The East Suffolk Internal Drainage Board (ESIDB) presented their costs for the whole estuary upgrade scheme at the drop-in held by the Estuary Partnership, attended by over 100 people at Snape Maltings on 27th February. The overall cost of £26.9 million includes a £5.1m contingency and covers some 44 kilometers of wall from Snape to Shingle Street, taking 7-8 years to complete. Costs are based on a design of an engineering and environmental standard which is required to attract Government funding (Flood Defence Grant in Aid).
The ESIDB, who are responsible for project managing the upgrade, have been advised that potentially £10.5million of Government funds could be applied for in view of the national assets in the Alde and Ore Estuary. These include Snape Maltings and a wealth of internationally recognised wildlife habitats and, in the lower part of the Estuary, extensive grazing marshes which provide fresh water to irrigate this nationally important vegetable growing area. However, there is no guarantee, even if the Environment Agency (EA) confirm eligibility for Government funding, that it will be allocated.
With a local economy of over £100million per annum, there is a huge economic and environmental benefit to managing the estuary defences for at least another 30 years, making allowances for both climate change and sea level rise in the future. Detailed modelling by HR Wallingford (an independent flood risk consultant) has provided a robust model for the estuary since the 2013 surge and confirms that the works can be delivered in line with the Estuary Plan. This is a pioneering adaptive approach providing over-toppable but resilient defences which will give some 300 homes around the estuary a reduced risk of flooding.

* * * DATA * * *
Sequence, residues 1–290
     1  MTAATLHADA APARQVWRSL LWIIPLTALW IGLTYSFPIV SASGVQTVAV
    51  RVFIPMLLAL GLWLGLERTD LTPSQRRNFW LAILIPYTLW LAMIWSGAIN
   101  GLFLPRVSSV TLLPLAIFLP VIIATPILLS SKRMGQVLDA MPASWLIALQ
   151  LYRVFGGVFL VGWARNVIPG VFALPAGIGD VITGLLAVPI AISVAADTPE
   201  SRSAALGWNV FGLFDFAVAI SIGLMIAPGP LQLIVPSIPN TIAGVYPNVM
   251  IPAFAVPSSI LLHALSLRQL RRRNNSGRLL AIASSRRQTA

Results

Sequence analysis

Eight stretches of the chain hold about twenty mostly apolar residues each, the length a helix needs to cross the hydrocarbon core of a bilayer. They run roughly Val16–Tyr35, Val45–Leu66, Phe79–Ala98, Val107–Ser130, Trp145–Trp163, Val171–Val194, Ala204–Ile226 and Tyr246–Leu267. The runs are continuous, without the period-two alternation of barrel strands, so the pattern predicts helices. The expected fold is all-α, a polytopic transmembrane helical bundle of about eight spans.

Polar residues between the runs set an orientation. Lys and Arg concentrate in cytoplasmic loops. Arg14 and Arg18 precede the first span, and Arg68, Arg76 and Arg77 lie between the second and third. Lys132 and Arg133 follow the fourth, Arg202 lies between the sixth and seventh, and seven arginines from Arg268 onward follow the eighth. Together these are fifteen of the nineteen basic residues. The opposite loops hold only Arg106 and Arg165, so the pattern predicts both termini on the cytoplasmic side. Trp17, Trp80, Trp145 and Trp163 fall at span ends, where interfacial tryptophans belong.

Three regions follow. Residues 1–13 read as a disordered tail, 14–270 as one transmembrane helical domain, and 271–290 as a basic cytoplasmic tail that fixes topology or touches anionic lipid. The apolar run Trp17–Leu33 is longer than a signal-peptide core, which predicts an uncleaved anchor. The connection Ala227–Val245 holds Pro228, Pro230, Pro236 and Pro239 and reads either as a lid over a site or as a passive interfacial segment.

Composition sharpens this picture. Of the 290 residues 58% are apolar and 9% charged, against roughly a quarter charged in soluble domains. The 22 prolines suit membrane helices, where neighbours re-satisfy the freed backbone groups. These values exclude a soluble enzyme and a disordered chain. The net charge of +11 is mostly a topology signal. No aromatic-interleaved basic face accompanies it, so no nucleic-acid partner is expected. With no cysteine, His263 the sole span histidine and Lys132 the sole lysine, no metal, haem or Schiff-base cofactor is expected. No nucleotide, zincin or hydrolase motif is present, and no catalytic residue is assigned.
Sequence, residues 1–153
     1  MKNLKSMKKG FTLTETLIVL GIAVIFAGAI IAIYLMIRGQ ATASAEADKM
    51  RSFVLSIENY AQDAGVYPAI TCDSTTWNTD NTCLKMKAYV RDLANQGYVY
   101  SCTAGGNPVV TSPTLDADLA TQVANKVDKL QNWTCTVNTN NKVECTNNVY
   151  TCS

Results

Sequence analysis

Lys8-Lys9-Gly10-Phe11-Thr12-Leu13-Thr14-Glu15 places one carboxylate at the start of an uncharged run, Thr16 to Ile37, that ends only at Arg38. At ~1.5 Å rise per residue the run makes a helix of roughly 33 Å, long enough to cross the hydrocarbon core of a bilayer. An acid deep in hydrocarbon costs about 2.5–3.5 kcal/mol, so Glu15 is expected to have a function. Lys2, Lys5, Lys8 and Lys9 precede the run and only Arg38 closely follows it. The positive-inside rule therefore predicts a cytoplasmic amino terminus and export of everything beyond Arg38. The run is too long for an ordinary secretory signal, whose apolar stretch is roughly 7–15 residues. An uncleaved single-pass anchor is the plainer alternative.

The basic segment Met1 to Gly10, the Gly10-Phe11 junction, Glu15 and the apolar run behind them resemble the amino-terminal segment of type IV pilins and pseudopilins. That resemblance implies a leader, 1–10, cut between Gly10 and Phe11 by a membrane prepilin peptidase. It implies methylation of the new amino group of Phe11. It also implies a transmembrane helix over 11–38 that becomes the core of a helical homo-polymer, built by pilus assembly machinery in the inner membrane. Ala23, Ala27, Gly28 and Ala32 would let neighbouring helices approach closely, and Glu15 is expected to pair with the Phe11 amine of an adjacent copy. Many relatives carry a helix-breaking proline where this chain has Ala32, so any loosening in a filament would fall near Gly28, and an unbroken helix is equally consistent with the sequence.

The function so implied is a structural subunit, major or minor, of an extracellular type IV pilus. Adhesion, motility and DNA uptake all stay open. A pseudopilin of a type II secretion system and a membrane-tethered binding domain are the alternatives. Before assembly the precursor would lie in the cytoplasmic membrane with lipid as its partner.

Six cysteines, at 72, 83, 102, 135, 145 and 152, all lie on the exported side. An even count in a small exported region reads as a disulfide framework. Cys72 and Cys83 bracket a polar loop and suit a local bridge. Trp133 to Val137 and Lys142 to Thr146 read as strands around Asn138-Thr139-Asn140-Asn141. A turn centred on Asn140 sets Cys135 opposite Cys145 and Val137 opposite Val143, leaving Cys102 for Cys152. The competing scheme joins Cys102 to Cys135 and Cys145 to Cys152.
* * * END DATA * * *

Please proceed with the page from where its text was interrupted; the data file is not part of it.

Earlier this week there was a major boost to the campaign when the landowners and farmers had agreed a £3million fund and £1million in cash and pledges. They also agreed, having discussed the issue with The Estuary Partnership and Trust, to withdraw their plans for enabling development as a mechanism for fund-raising for flood defences in the estuary. Local resident Madeleine Wynn Higgins said “I applaud landowners for their decision to take enabling development permanently off the table”
The Alde & Ore Estuary Trust, the charity responsible for local fund-raising, is confident that they have identified how to raise the funds. Provided Government funding is achieved, it is anticipated that £16 million needs to be raised locally over the next 7 years, of which over £4million has already been secured. This will include local levy funding, Community Infrastructure Levy, parish precept, local donors, landowners, charities and Heritage Lottery Fund.
Professor Jane Maxim, Trustee and Funding Group Chairman said “We are delighted that Garfield Weston Foundation has given us a grant of £500,000 of which £100,000 is for match funding. A further charity application will be made this Spring, and we are now beginning to explore a Heritage Lottery Grant application for the lower estuary. We are poised to raise considerable funds, but we will need further support, energy and commitment from the local community”.
£4 Million Boost for Estuary Campaign
Landowners and farmers in the Alde and Ore estuary have raised a £3 million fund through the East Suffolk Internal Drainage Board towards upgrading work on the Alde and Ore Estuary plan. This is in addition to over £1 million in pledges and cash so far given to the Alde and Ore Estuary Trust by landowners and farmers, making a total of £4 million towards the project.